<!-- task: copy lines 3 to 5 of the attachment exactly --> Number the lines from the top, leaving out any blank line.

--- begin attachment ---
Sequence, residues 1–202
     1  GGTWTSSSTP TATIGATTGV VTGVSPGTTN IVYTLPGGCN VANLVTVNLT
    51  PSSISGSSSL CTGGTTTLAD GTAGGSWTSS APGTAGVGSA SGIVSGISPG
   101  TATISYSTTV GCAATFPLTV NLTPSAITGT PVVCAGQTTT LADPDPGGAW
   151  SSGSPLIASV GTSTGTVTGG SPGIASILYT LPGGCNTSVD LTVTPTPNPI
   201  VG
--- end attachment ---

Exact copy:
    51  PSSISGSSSL CTGGTTTLAD GTAGGSWTSS APGTAGVGSA SGIVSGISPG
   101  TATISYSTTV GCAATFPLTV NLTPSAITGT PVVCAGQTTT LADPDPGGAW
   151  SSGSPLIASV GTSTGTVTGG SPGIASILYT LPGGCNTSVD LTVTPTPNPI